Reprinted with permissions from the Coast Salish Gathering News
The scenic 260-acre Capitol Lake by Washington State’s capitol building in Olympia looks like a fresh water, scenic lake, a perception held by many of the city’s residents.
The problem is, it’s not.
In reality it’s an artificial reservoir that was created when the state government dammed the Deschutes River in 1951. And like many such stagnant man-made reservoirs it’s plagued with problems, like pollution. Swimming in the lake is banned due to unsafe levels of E.coli contamination.
The dam was built on the estuary where the Deschutes River once met and mixed with salt water. It has obliterated the biologically rich Deschutes tidal basin.
“The estuary plays a critical role in the lives of several species, including vital salmon rearing and feeding habitat,” fish biologist Jeff Dickison said. “Sediment accumulated, and nutrients started accumulating. Warm stagnant, shallow water and a lack of flushing by salt-water invited invasive species, algae blooms. Hypoxia suffocated fish, crabs, invertebrates. Pretty much anything that could go wrong, did.” To contain invasive plants and animals that have taken over the lake, boating and fishing is forbidden.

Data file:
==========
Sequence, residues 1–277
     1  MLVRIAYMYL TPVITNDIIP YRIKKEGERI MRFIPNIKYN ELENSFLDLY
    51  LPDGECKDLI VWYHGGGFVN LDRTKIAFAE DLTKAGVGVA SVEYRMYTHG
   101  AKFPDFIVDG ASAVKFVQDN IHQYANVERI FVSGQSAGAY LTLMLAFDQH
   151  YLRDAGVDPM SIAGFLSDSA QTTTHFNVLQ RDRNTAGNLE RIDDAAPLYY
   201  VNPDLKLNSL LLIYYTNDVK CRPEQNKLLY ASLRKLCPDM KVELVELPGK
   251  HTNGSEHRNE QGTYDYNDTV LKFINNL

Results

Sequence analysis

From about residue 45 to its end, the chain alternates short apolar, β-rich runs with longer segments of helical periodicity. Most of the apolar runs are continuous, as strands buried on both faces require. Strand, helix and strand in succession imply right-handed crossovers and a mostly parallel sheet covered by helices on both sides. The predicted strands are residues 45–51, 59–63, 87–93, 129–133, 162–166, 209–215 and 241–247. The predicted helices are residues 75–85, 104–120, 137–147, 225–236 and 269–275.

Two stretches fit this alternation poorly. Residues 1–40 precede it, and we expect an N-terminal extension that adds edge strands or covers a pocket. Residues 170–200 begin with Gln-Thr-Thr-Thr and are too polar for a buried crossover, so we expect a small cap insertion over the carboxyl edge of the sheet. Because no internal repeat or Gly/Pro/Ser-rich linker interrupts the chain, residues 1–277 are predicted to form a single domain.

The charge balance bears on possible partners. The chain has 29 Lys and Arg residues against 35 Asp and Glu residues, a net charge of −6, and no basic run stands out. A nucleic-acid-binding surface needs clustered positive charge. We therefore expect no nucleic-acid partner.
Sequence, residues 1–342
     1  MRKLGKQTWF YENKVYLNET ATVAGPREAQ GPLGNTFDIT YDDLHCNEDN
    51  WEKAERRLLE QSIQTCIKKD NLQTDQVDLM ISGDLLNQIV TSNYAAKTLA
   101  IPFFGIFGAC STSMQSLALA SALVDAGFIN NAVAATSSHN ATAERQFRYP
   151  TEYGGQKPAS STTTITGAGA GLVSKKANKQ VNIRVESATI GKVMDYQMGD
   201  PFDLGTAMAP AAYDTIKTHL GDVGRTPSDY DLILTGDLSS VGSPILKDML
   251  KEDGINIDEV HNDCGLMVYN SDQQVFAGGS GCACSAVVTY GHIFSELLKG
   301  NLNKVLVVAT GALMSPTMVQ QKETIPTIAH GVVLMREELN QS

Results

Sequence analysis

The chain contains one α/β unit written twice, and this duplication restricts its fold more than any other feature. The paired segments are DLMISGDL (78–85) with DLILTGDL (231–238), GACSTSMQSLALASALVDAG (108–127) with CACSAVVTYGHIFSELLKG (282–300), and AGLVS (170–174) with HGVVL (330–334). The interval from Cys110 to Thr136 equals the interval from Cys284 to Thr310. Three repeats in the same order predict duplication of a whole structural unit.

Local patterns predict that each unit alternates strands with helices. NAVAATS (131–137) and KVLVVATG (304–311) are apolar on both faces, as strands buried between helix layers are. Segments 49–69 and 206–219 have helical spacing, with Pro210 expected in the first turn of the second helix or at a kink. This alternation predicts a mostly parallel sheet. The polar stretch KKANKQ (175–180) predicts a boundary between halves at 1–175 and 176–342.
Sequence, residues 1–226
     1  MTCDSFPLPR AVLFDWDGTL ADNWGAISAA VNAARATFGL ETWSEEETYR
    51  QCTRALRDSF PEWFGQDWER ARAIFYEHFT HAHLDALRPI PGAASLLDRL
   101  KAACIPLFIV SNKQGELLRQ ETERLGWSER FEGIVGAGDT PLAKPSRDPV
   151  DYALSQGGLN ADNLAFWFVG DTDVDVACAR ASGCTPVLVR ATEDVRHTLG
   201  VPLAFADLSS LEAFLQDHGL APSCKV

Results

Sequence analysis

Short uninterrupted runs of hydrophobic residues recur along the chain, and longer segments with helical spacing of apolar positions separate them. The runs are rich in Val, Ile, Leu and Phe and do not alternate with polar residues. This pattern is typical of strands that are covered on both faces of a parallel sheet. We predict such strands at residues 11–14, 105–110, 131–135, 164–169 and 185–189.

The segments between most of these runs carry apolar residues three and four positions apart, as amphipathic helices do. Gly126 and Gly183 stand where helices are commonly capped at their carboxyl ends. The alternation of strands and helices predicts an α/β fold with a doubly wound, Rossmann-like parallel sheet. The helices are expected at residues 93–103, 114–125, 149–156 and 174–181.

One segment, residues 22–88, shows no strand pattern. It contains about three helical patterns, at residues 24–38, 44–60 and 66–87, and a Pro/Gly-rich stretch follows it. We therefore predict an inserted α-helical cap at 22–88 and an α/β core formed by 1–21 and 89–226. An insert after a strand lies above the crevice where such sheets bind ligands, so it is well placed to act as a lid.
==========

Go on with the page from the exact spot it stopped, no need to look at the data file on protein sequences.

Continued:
Dickison is assistant natural resources director of the Squaxin Island Tribe, which has worked toward a restoration plan “in one form or another” for years. He sees it as a rare opportunity to restore one of the Puget Sound’s wetlands.
“The Sound lost a large percentage of its wetlands due to development, and there are very few opportunities to restore wetlands to gain back some of what’s been lost. This is one of those few opportunities,” he said.
Restoration is controversial. Community groups have formed to advocate for and against it. But Dickison said no scenario will make it a better lake.
“You can’t dredge it deep enough, you can’t kill off all the invasive plants, there’s really no way you can make it like a fresh water lake. It’s perpetuating a myth.”
A recent Washington Department of Ecology report states that restoring the estuary would solve many of the water quality problems associated with Capitol Lake.
A decision in 2009 by the tribe, local and state agencies is to leave the lake as is until 2013, and is contained the Capitol Lake Adaptive Management Plan (click to download .pdf file).